Sul­li­van set to con­vene fi­nal meet­ing as Wash­ing­ton mayor

‘There’s a re­ally good core of peo­ple with en­ergy and con­cern for the town who I think will help gov­ern it very well’

Rappahannock News - - FRONT PAGE - By John Mc­caslin Rap­pa­han­nock News staff

This Mon­day evening, John Fox Sul­li­van will call to or­der his fi­nal Town Coun­cil meet­ing as mayor of Wash­ing­ton, a po­si­tion he has held for the last eight years.

“I’ve learned a lot,” Sul­li­van re­flected this week, seated in the straight back chair he’s oc­cu­pied for two terms in his­toric Town Hall. “One of which is that as small a town as Wash­ing­ton is — and we all laugh at how small it is — to an in­di­vid­ual every prob­lem, per­haps seen by oth­ers as a lit­tle prob­lem, is im­por­tant to them.

“So you have to worry about the lit­tle as well as the big,” he ex­plained. “An­other gen­eral learn­ing les­son is that this is a com­mu­nity where you know

every­body — it’s not like be­ing a mayor of New York or Wash­ing­ton, D.C., where you don’t even re­ally see the peo­ple. Here ev­ery­thing you do is ob­served and im­pacts your friends, neigh­bors, the peo­ple of the com­mu­nity. That’s good be­cause it sen­si­tizes you so that what­ever you do you re­al­ize that it im­pacts real peo­ple.”

Sul­li­van, af­ter much thought, an­nounced in May that he had de­cided against seek­ing a third term as mayor of the county seat, declar­ing it’s “time for a change, both for me and the town.” He said his de­ci­sion “did not come eas­ily.”

Mayor-elect Fred Catlin will of­fi­cially take over the town’s reins on Jan­uary 1.

Sul­li­van, who is 75, said be­ing mayor of the town “has been the cap­stone” of his 40plus year ca­reer in na­tional me­dia, much of it spent as a mag­a­zine pub­lisher in the big Wash­ing­ton. When his term ends at the end of this month he will have served eight years in the town’s top lead­er­ship po­si­tion, 10 years to­tal on the Coun­cil, and two years on the Ar­chi­tec­tural Re­view Board (ARB).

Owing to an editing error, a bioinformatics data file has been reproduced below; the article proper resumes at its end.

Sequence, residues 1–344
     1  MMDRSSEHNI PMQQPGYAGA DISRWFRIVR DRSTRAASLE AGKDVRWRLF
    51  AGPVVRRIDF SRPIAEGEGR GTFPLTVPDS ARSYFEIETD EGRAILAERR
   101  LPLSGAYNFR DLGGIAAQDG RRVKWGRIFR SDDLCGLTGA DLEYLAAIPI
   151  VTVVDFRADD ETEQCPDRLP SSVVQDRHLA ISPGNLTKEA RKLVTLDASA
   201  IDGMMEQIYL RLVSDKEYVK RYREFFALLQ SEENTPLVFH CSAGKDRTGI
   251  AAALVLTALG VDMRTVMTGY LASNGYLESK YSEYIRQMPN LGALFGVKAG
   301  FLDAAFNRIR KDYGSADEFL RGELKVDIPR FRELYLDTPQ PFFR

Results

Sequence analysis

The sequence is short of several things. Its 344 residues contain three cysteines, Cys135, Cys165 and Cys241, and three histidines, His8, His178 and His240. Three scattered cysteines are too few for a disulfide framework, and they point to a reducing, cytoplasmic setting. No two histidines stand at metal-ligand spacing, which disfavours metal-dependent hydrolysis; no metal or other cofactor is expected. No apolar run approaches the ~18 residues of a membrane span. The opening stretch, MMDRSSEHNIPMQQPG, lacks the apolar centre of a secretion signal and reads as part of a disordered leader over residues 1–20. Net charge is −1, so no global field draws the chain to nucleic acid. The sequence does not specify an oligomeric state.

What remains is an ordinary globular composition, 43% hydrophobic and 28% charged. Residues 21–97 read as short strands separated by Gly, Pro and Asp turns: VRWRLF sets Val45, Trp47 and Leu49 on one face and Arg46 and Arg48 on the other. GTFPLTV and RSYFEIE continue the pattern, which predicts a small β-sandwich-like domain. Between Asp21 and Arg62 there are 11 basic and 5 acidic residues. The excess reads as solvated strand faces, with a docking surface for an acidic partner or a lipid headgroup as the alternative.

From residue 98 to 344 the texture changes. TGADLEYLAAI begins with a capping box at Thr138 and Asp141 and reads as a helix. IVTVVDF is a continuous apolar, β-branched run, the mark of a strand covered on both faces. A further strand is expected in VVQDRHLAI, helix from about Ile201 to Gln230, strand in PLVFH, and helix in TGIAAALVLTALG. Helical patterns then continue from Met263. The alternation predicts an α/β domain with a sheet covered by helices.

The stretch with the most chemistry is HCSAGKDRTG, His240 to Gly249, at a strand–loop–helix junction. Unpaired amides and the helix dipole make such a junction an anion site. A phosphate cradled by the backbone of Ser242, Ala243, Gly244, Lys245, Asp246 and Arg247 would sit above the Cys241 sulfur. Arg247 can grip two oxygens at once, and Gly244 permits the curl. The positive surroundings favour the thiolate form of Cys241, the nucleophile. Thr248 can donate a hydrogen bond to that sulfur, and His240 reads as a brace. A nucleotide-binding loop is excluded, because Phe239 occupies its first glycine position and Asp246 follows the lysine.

His nu­mer­ous ac­com­plish­ments dur­ing his decade-plus of pub­lic ser­vice — de­vel­op­ing and im­ple­ment­ing a state-ofthe-art wastew­a­ter sys­tem; sta­bi­liz­ing the town’s fi­nances through cost con­trols, sewer and wa­ter fees, meals and lodg­ing rev­enue, and the sale of Avon Hall; de­vel­op­ing a new Com­pre­hen­sive Plan with de­mand­ing goals; and beau­ti­fy­ing the cen­ter of a vil­lage cher­ished by vis­i­tors — far out­weighed the neg­a­tives.

Re­gard­ing the lat­ter, he sought to build on his may­oral pre­de­ces­sor Eu­gene Leggett’s in­roads in dif­fus­ing of­ten-con­tentious pro­ceed­ings be­tween town of­fi­cials and cit­i­zens, in­clud­ing those who didn’t live in the town. Sul­li­van de­scribed a very fine line sep­a­rat­ing Wash­ing­ton and Rap­pa­han­nock County, and dur­ing the town’s few but sig­nif­i­cant lit­i­ga­tion cases dur­ing his terms as mayor his most out­spo­ken crit­ics weren’t even his con­stituents.

“I like to think there is a comity and a ci­vil­ity in our town that is lack­ing in our world at large, and the county for that mat­ter,” the mayor didn’t mind say­ing. “I get ter­ri­bly frus­trated by the in­ternecine war­fare of [cer­tain] peo­ple. They don’t have a sense of the com­mon good. I’m a be­liever in the com­mon good. So many peo­ple seem to be liv­ing in their own lit­tle bub­ble — the men­tal­ity that if some­thing good hap­pens to the other guy it’s go­ing to hurt them. It’s a zero-sum game. And I be­lieve just the op­po­site.”